In Hasan v. Enercon Services, Inc., Administrative Review Board finds evidentiary hearing generally required in retaliation cases hinging on causation
August 5, 2011 - Comments Off
In Hasan v. Enercon Services, Inc., a nuclear whistleblower case brought under the Energy Reorganization Act, the complainant, an engineer, alleged that Enercon Services, Inc., repeatedly failed to hire him for a number of engineering positions because he had prevailed a few years earlier in a whistleblower complaint against another company. The ALJ dismissed the case on the grounds that the complainant had not shown that the company rejected him because of his whistleblowing. In reversing the ALJ’s decision, the Administrative Review Board concluded that the Administrative Law Judge had overlooked the fact that there were genuine issues of material fact that required factual determinations of the type that could be made only after an evidentiary hearing.
This ARB nuclear whistleblower case demonstrates that where the main issue is causation, i.e., whether the employer took action against the employee because of protected activity, turns on factual questions of motivation and intent, the case should generally not be decided on summary decision – i.e., without an evidentiary hearing where the finder of fact hears testimony from witnesses and examines other evidence.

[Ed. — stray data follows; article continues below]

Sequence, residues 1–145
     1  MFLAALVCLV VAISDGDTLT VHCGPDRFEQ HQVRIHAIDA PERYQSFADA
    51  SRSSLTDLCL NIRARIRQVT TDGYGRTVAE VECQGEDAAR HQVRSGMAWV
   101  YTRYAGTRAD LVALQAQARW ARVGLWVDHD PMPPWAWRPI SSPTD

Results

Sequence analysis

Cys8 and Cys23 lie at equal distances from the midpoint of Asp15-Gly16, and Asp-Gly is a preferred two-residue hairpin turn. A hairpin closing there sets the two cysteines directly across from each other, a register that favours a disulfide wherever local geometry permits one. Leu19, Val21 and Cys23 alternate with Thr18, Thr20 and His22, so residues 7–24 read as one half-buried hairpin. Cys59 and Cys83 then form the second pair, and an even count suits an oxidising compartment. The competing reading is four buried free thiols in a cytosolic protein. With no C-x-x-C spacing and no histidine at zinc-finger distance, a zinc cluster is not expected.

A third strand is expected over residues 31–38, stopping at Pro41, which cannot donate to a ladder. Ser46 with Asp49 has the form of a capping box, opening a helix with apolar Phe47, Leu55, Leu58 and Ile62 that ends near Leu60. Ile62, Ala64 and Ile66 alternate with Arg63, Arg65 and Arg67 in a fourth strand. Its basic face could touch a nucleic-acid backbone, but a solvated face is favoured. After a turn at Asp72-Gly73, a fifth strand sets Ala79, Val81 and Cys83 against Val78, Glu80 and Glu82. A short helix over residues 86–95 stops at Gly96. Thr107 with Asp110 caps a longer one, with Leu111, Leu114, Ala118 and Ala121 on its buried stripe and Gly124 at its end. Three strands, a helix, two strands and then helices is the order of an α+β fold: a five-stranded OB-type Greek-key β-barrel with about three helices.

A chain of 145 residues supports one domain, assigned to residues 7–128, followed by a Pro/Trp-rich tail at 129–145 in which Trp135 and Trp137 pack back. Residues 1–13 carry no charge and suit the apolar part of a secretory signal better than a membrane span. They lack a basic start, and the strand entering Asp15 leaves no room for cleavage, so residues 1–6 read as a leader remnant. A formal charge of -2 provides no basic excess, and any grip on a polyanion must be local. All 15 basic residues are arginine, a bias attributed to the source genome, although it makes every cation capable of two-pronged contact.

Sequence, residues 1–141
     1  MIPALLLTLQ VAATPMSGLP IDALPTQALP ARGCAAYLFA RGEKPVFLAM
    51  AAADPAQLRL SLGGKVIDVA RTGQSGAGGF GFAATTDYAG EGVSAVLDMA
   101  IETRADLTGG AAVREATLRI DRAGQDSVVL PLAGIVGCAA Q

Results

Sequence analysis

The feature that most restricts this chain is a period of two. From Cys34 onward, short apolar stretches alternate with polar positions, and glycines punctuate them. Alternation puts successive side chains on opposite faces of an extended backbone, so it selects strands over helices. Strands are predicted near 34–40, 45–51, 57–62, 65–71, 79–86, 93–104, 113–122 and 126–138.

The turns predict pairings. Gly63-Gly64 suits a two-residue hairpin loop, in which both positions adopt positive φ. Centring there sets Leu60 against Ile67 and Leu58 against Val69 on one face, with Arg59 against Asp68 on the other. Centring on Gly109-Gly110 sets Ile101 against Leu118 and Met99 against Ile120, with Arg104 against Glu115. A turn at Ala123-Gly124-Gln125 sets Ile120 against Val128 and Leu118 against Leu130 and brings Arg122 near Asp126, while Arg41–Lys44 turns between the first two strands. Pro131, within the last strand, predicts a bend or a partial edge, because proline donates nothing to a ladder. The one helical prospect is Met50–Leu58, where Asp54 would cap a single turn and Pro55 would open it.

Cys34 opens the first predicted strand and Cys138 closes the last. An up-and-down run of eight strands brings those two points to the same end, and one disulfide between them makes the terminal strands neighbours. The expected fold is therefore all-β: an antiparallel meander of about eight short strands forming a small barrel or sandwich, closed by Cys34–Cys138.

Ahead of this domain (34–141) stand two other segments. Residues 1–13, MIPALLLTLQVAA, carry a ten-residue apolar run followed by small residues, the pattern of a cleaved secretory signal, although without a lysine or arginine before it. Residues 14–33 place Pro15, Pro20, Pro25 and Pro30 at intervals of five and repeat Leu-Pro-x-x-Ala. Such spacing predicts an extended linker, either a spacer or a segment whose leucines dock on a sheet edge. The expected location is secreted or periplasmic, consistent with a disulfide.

It is crucial to the public health and safety that nuclear workers know their rights to speak out about issues of concern to the public health and safety. The Energy Reorganization Act of 1978 (ERA) provides strong protections for contractors and employees who provide information about, or participate in investigations relating to, what they believe to be violations of nuclear safety laws and standards.